Addiction Recovery Blog

Covid is Causing Increased Drinking

[fa icon="calendar'] Sep 16, 2020 / by Russ Kallina posted in Addiction, Positive Recovery, treatment program, covid

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While some common household products such as toilet paper and eggs have been a struggle to find in stores during COVID, there has been no shortage of alcohol. Liquor stores, which are considered an essential service, have been busier than ever, with bars and restaurants having been temporarily closed. However, despite the lack of social gatherings and outings to bars, people are still getting their alcohol fix, many even increasing their alcohol consumption since the start of the pandemic. The Nanos poll, commissioned by the Canadian Centre on Substance Use and Addiction (CCSA), revealed that 21% of Canadians under the age of 54 say they have increased the amount of alcohol they drink while at home during the pandemic. Surveys have shown that since March, Americans have been buying larger quantities of cheaper alcohol; there has also been an increase in cannabis usage, as well as anti-anxiety medication like Xanax and Aderrall.

Reasons for the increase

Lack of a consistent routine
With many being unemployed, or working from home during the pandemic, alcohol is no longer reserved for weekends or after work, because weekdays and weekends blur together. You may find that you don’t have a certain time you need to wake up, or a time to be finished working, so there seems to be no reason not to indulge in a drink.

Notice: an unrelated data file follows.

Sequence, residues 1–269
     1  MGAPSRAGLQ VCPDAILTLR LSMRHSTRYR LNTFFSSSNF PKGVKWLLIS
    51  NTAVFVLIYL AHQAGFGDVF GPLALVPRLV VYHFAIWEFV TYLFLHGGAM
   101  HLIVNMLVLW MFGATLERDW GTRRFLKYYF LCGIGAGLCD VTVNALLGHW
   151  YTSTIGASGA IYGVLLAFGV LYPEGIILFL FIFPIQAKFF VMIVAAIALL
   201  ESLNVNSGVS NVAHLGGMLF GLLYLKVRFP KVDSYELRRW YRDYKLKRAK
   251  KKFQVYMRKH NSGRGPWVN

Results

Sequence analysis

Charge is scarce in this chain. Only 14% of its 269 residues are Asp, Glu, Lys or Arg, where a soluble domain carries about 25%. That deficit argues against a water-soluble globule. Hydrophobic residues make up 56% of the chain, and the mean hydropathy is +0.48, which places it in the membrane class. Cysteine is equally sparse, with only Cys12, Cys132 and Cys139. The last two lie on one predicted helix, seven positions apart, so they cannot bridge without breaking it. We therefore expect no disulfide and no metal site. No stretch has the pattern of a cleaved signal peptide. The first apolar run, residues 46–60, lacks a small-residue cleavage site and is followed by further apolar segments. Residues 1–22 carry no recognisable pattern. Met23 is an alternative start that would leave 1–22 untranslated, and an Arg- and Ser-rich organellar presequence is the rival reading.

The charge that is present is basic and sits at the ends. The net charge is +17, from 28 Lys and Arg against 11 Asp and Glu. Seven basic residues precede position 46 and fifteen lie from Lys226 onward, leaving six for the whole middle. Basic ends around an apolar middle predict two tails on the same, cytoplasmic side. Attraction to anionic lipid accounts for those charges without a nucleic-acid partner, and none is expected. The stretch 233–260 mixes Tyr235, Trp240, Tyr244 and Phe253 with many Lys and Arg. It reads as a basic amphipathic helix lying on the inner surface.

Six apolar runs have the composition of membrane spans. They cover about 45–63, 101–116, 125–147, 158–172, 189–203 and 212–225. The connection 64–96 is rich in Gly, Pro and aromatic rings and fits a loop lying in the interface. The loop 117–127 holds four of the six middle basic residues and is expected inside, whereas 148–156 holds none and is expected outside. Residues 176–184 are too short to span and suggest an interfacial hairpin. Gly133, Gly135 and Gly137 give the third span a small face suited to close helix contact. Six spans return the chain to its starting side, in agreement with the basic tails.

You may be thinking that a mundane at-home activity will be more interesting if you had a glass of wine while you do it. While it may seem harmless at first, this is a dangerous habit to get into and can lead to excessive drinking.

The uncertainty of the future, and when things will go back to normal can naturally spark the feeling of stress and anxiety. Many use alcohol as a means of coping with the financial stresses, relationship stresses, and other anxieties that are now heightened by the pandemic.

Being stuck at home, with very little social interaction can take a toll on us as humans, and drinking can be used as an attempt to fill the void that can only be filled by relationship and community with others.

How much is too much?
The Dietary Guidelines for Americans defines one drink per day for women and up to two drinks per day for men as being moderate drinking. It is important to realize, especially in the midst of a global pandemic, that heavy drinking lowers the immune system, which could make you more susceptible to contracting the virus, and make it more difficult to recover from illness.

What you can do instead of drinking

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